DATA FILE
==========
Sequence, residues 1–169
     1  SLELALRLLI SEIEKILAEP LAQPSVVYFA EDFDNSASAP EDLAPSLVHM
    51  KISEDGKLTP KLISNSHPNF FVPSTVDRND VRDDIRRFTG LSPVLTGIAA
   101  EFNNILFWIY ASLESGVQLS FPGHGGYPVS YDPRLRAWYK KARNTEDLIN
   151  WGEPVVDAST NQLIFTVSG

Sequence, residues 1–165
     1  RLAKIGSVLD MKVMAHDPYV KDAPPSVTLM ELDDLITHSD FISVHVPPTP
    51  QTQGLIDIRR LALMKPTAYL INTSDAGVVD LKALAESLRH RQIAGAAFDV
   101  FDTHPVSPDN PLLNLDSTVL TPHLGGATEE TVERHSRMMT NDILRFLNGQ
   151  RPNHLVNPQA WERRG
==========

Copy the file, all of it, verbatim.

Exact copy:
Sequence, residues 1–169
     1  SLELALRLLI SEIEKILAEP LAQPSVVYFA EDFDNSASAP EDLAPSLVHM
    51  KISEDGKLTP KLISNSHPNF FVPSTVDRND VRDDIRRFTG LSPVLTGIAA
   101  EFNNILFWIY ASLESGVQLS FPGHGGYPVS YDPRLRAWYK KARNTEDLIN
   151  WGEPVVDAST NQLIFTVSG

Sequence, residues 1–165
     1  RLAKIGSVLD MKVMAHDPYV KDAPPSVTLM ELDDLITHSD FISVHVPPTP
    51  QTQGLIDIRR LALMKPTAYL INTSDAGVVD LKALAESLRH RQIAGAAFDV
   101  FDTHPVSPDN PLLNLDSTVL TPHLGGATEE TVERHSRMMT NDILRFLNGQ
   151  RPNHLVNPQA WERRG